Arginine Therapy for Lung Diseases

Jeremy A Scott, Harm Maarsingh, Fernando Holguin, Hartmut Grasemann
Frontiers in Pharmacology 2021, 12: 627503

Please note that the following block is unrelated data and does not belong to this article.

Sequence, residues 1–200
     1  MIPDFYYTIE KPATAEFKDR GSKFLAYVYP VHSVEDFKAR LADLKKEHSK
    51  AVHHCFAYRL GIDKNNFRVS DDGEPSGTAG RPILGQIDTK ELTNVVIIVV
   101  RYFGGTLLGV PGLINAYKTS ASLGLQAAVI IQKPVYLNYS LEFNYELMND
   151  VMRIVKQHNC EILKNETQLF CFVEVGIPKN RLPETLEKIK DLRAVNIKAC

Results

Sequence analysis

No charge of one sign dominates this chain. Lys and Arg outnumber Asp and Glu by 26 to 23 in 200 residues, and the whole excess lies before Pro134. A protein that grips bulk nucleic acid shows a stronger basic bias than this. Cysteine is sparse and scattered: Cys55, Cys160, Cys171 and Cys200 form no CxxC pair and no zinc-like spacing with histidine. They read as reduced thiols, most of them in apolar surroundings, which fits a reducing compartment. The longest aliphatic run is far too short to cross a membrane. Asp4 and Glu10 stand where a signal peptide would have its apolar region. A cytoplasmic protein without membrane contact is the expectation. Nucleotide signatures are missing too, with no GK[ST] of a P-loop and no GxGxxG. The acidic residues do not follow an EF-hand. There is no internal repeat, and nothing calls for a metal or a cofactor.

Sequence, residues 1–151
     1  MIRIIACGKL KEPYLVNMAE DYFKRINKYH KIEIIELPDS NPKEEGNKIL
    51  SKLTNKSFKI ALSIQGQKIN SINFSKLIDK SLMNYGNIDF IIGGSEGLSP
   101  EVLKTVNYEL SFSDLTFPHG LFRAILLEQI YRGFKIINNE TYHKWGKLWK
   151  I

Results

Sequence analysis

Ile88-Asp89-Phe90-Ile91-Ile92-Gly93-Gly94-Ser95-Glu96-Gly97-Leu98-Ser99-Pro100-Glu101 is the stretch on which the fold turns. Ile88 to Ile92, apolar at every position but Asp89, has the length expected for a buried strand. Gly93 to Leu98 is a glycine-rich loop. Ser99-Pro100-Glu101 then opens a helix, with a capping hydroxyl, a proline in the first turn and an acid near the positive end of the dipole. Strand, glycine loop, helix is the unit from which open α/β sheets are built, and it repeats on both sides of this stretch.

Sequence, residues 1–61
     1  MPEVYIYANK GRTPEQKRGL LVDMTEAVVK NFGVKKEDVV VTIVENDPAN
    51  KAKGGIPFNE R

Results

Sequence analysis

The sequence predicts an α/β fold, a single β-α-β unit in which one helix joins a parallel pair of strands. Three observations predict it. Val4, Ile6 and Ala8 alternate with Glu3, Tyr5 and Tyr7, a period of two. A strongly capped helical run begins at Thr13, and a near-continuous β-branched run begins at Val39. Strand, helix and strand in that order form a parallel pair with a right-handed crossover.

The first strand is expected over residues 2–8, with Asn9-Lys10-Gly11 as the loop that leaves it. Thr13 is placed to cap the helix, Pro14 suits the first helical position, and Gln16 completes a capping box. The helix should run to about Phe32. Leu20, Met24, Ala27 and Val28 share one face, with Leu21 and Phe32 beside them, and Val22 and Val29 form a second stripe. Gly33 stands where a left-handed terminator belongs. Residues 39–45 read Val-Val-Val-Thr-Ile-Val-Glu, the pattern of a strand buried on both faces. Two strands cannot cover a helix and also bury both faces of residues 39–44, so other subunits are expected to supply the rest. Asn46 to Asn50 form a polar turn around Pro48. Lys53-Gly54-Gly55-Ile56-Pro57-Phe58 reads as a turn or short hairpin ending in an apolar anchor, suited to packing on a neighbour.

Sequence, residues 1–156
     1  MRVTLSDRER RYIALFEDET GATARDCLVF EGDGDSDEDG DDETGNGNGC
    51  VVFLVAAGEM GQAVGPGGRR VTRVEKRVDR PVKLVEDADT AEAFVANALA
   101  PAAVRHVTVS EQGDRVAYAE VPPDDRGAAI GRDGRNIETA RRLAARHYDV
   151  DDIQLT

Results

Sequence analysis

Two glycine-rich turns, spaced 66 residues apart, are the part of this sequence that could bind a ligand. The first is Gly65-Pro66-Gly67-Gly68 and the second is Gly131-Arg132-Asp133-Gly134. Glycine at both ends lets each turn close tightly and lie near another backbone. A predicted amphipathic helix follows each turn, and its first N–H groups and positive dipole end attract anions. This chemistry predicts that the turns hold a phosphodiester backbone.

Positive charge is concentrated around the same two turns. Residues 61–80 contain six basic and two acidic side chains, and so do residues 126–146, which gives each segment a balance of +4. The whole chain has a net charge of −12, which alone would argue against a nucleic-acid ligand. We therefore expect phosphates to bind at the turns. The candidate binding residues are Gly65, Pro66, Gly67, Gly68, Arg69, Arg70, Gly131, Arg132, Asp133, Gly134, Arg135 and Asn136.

Nitric oxide (NO) is produced by a family of isoenzymes, nitric oxide synthases (NOSs), which all utilize L-arginine as substrate. The production of NO in the lung and airways can play a number of roles during lung development, regulates airway and vascular smooth muscle tone, and is involved in inflammatory processes and host defense. Altered L-arginine/NO homeostasis, due to the accumulation of endogenous NOS inhibitors and competition for substrate with the arginase enzymes, has been found to play a role in various conditions affecting the lung and in pulmonary diseases, such as asthma, chronic obstructive pulmonary disease (COPD), cystic fibrosis (CF), pulmonary hypertension, and bronchopulmonary dysplasia. Different therapeutic strategies to increase L-arginine levels or bioavailability are currently being explored in pre-clinical and clinical studies. These include supplementation of L-arginine or L-citrulline and inhibition of arginase.

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